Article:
Central to the ongoing debate regarding racial profiling is the balance of the protection of public safety with the protection of individual liberty. In the original context, the potential gains in public safety to be realized by intercepting bulk drugs before they could be distributed might justify the tightly controlled use of an otherwise intrusive police tool. The contemporary focus of research ignores quantity, focusing instead on the appropriateness of a “hit rate” based on any quantity of drugs as a justification.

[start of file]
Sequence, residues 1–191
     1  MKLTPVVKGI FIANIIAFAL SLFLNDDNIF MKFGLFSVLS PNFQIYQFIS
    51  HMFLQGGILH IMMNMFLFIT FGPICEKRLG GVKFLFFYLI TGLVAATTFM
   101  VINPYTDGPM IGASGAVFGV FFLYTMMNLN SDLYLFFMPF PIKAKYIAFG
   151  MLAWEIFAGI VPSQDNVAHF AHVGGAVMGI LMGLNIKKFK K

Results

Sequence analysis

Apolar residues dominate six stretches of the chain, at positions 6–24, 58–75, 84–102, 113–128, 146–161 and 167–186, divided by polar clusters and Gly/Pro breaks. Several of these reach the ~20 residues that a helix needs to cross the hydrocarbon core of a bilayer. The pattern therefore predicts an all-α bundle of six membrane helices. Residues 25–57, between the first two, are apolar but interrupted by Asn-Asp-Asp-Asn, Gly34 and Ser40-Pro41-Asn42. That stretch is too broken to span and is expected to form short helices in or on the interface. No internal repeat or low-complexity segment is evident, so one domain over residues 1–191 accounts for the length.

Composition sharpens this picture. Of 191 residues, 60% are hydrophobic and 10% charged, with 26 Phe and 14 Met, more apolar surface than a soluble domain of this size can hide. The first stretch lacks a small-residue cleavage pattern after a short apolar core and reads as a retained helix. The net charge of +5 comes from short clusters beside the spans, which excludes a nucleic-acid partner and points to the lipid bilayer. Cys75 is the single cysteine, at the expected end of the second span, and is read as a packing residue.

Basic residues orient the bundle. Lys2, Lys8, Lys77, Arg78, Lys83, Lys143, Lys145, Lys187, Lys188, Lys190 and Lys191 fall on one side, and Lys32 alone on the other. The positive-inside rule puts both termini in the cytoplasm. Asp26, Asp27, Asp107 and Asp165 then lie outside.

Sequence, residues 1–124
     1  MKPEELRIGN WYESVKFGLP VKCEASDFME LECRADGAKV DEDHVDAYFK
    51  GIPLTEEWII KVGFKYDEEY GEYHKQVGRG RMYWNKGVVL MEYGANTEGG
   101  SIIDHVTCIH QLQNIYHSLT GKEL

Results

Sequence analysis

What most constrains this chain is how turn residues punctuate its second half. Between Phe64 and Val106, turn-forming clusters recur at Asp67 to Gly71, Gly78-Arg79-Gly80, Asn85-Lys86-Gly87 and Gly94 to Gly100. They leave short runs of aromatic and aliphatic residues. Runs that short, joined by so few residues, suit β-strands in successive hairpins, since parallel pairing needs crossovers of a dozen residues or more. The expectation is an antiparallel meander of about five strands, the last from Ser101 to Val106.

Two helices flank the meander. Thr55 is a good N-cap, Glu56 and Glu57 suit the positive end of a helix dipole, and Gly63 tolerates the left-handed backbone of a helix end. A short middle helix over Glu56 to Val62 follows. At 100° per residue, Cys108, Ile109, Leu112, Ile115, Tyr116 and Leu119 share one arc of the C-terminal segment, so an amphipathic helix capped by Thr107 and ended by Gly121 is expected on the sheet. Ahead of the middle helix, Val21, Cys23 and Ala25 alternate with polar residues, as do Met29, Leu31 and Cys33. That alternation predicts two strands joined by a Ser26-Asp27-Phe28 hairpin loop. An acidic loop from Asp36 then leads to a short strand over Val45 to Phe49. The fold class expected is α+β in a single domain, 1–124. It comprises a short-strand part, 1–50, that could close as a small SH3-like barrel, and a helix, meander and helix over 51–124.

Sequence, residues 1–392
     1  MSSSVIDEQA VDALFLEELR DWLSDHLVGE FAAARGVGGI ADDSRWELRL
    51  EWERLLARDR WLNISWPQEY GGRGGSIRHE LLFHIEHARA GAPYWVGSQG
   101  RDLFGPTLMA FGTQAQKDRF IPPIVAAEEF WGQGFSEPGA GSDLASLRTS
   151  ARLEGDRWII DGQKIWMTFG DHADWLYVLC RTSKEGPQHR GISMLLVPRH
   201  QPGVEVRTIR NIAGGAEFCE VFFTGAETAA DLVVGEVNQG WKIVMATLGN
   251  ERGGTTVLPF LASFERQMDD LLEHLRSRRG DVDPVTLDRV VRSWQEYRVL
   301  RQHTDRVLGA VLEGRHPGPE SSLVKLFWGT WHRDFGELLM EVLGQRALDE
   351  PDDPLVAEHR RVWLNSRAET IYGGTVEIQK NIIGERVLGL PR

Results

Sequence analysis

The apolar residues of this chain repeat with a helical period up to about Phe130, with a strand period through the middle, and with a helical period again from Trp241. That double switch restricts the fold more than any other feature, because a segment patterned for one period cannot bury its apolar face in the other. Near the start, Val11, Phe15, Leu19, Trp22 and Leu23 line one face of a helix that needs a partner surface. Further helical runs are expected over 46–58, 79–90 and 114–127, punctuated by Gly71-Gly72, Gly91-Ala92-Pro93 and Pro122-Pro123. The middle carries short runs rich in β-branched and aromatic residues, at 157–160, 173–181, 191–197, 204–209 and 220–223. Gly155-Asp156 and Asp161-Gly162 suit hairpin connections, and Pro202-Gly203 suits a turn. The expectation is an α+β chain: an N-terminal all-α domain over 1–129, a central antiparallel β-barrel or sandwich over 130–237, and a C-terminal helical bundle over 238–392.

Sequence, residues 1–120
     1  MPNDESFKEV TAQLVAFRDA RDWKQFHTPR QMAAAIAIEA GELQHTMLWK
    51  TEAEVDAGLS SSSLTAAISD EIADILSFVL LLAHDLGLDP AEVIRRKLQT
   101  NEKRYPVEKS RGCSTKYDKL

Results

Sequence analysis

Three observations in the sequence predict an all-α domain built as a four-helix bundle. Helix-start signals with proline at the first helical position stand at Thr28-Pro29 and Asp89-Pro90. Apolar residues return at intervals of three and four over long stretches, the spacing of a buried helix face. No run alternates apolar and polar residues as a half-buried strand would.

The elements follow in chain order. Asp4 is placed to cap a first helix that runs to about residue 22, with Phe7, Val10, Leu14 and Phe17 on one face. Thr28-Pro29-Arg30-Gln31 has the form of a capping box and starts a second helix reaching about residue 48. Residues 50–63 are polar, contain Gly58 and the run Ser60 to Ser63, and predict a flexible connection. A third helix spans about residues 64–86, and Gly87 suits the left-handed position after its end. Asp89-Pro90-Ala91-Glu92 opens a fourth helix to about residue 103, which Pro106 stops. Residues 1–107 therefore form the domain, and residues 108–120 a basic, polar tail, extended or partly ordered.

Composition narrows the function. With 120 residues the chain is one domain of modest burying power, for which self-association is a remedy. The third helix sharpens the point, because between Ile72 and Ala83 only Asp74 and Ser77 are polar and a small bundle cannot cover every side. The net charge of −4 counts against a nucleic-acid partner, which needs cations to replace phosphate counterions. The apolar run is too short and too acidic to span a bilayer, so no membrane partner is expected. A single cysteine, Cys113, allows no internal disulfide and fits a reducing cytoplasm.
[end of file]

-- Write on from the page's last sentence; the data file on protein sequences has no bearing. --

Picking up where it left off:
A decade after the New Jersey Turnpike shooting that revived the racial profiling controversy, the use of profiling continues, and continues to be problematic. Questions of the accuracy and precision of application remain unanswered: Given the local control of police agencies, the questions are revisited on a case-by-case basis. Moreover, it is likely that the police have become more astute, both politically and scientifically, in their ability to articulate the reasoning processes of individual officers, and the patterns of agency-wide actions.While that possibility invites the reaction that “the police have become better liars,” it is equally possible that the police are becoming better at identifying and articulating the subtle behaviors that they observe, giving a more valid operational definition to the prized “sixth sense” of the street cop.
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